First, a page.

Mr R. (Bob) L. Hathaway For some time since 1968 he had been the National Plant Materials Centre scientist in charge of the programme for introducing, breeding and selecting willows for soil conservation. Clones he has developed include the recently released fast-growing Salix matsudana x alba shelter selections "Tangoio", "Makara" and "Moutere". Mr Hathaway's other major responsibility was the selection of soil conservation species, mainly Eucalyptus, for seasonally dry hill country. His interests included tree protection systems, tree establishment methods and the potential of poplars and willows for stock fodder and biomass. He spoke to the Tree Crops Association's annual conference [...]

Bob Hathaway2022-11-21T14:18:11+13:00

The Big Mistakes


Growers establishing a shelterbelt often make one of these four mistakes, says National Plant Materials Centre* scientist, Bob Hathaway. • Inadequate weed control: This problem particularly affects the new horticulturalist or part-timers who haven't time for weed control. All new shelterbelts should be kept free from weeks for the first two years, either by cultivation or herbicides. Spraying with herbicides is the main method. • Irrigation not organised until trees are already suffering from drought stress: Many plant their shelterbelts before deciding to have irrigation. By the time they get organised the trees have already suffered stress. Growers should think of [...]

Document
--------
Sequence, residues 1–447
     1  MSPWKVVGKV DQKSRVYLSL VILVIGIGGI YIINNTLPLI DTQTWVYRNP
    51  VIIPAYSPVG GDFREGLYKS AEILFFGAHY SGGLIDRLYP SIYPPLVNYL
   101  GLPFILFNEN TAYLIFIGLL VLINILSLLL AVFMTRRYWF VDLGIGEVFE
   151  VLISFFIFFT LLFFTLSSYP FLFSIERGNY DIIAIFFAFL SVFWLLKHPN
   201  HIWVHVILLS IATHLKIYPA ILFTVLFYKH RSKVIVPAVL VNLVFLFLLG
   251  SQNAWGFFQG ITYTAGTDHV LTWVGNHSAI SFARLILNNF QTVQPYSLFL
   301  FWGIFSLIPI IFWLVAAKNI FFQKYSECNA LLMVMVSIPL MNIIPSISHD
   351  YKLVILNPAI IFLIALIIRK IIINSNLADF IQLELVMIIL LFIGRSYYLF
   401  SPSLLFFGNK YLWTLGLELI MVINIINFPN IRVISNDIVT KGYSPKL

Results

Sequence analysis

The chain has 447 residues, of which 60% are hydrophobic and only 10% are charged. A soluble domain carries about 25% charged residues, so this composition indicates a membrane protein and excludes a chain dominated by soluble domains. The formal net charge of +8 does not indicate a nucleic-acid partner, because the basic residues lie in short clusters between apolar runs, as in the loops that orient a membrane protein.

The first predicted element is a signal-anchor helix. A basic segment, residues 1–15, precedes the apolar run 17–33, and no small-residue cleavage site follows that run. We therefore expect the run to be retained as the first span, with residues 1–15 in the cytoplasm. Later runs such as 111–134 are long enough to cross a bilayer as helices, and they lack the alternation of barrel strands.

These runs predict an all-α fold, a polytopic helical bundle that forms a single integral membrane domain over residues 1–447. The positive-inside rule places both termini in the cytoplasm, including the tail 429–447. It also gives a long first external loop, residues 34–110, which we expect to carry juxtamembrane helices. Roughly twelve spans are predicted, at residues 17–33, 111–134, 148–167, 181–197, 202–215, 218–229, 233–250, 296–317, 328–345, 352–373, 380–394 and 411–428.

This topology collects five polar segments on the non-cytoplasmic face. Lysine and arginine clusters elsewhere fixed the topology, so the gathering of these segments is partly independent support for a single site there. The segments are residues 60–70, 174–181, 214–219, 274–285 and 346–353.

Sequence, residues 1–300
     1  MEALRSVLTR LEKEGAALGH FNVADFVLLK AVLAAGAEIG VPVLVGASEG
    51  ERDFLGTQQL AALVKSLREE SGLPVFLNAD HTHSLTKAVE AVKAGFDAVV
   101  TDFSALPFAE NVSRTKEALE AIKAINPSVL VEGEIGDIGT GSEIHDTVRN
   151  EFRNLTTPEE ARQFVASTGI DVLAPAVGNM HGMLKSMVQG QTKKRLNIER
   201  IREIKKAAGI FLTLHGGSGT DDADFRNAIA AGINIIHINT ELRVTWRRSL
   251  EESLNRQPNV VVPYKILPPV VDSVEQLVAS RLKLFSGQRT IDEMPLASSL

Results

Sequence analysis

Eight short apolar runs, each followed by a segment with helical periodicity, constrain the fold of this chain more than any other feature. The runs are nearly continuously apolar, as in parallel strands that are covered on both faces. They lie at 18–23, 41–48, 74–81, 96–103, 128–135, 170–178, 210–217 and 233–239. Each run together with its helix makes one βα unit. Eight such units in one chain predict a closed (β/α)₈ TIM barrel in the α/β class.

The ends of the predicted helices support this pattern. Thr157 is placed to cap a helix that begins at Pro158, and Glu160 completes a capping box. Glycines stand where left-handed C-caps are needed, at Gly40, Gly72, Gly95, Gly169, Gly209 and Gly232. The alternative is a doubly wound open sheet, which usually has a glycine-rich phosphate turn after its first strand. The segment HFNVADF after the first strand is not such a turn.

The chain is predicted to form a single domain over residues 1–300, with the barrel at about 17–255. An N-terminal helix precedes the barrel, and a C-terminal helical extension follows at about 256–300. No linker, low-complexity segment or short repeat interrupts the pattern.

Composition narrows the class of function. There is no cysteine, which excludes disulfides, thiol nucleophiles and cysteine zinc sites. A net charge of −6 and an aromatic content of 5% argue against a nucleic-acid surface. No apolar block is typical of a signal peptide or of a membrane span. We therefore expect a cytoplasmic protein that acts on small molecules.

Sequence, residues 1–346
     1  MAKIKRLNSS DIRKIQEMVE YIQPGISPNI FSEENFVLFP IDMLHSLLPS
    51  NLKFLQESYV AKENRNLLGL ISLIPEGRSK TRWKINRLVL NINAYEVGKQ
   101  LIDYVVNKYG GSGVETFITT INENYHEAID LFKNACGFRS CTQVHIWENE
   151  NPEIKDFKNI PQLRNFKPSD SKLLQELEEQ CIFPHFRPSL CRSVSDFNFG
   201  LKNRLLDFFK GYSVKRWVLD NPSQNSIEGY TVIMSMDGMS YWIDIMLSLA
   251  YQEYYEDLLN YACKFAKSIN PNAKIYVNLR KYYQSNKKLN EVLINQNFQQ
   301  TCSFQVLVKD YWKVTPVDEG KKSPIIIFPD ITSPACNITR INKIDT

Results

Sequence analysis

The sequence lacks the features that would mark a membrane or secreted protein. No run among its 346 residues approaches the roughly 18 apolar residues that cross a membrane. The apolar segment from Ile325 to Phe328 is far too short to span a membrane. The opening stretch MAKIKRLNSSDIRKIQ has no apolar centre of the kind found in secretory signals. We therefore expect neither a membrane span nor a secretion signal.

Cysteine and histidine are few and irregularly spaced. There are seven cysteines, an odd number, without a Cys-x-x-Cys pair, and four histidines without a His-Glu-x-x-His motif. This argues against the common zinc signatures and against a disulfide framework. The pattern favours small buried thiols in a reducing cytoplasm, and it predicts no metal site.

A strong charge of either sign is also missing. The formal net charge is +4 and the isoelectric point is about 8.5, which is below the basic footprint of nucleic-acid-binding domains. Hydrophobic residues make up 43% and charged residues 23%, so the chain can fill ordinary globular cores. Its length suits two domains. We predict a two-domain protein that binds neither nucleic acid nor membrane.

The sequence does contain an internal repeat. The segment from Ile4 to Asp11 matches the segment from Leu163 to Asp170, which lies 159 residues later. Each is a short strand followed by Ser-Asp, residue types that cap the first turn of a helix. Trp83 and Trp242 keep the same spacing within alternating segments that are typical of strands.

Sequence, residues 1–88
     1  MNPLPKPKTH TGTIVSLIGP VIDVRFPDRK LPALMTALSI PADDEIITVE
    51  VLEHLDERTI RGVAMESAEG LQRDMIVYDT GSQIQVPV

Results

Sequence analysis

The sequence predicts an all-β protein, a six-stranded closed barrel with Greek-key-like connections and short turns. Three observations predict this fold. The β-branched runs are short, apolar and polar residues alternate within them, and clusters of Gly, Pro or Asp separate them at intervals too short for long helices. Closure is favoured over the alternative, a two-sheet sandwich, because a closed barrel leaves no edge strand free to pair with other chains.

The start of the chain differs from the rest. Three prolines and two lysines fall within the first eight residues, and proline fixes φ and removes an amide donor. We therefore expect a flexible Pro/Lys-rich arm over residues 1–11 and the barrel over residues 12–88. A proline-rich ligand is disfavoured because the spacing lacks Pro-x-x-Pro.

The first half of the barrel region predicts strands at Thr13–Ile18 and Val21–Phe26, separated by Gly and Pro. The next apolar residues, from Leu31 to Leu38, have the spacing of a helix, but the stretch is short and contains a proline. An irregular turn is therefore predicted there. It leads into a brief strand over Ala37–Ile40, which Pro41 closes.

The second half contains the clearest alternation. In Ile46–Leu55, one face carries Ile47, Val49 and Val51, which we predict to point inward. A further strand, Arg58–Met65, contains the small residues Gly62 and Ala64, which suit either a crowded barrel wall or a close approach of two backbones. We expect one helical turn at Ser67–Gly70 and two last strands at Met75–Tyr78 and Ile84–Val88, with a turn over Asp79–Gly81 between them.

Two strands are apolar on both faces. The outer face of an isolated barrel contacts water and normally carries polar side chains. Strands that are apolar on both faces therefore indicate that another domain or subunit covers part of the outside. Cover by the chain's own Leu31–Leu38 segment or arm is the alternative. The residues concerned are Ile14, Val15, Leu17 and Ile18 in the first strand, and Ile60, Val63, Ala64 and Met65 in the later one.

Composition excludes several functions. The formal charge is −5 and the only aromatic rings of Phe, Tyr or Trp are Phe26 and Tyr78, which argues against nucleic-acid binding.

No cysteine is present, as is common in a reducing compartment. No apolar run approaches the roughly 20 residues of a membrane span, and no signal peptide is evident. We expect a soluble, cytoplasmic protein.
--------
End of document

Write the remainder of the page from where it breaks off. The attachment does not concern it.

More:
The Big Mistakes2012-09-27T08:56:07+12:00

Shelter Questions


Scientist Bob Hathaway says four questions are usually asked about planting shelterbelts. Answers to these form part of the series of articles Mr Hathaway has written about shelterbelts. • What are the best species to plant in my area and situation? Salt-laden or very strong winds are the main limitation on what to plant. Otherwise you can grow almost anything. The situation and crop chosen also influence choice. • What distance apart should shelterbelt trees be planted — within the row and between the rows — in a multi-row shelterbelt? Distances depend on the species and whether the shelterbelt is an [...]

Shelter Questions2012-09-27T08:43:23+12:00

Summer Winds Taught Us Something


By Lynsey King - from 1983, timeless advice. Five summer months of strong salt-laden winds have taken their toll on shelter-belts. Scientist, Bob Hathaway has been studying the damage the winds have wrecked, particularly on poplar and willow shelter-belts in the Manawatu. Strong summer winds normally last only a month or so, but last summer's abnormal conditions has taught scientists several lessons. One lesson is that there are serious limitations as to where these particular species can be planted. Mr Hathaway says eight kilometres from the coast is a safe distance. The willows and poplars have suffered leaf-burn and die-back of [...]

Summer Winds Taught Us Something2022-11-21T14:18:04+13:00

Back To Basics On Shelter


First part of a series from Growing Today, July 1983 by R.L. Hathaway National Plant Materials Centre, Aukautere Provision of adequate shelter from wind is essential for the successful production of most horticultural crops in New Zealand. Good shelter not only results in improved yield and quality of crops; it often determines whether or not the crop can be grown at all. A large proportion of horticultural crops are grown in coastal areas, which are often more windy than inland areas. Most areas in N.Z. are affected by the prevailing westerlies, which lower temperatures and increase evaporation and transpiration losses. These [...]

Back To Basics On Shelter2022-11-21T14:18:01+13:00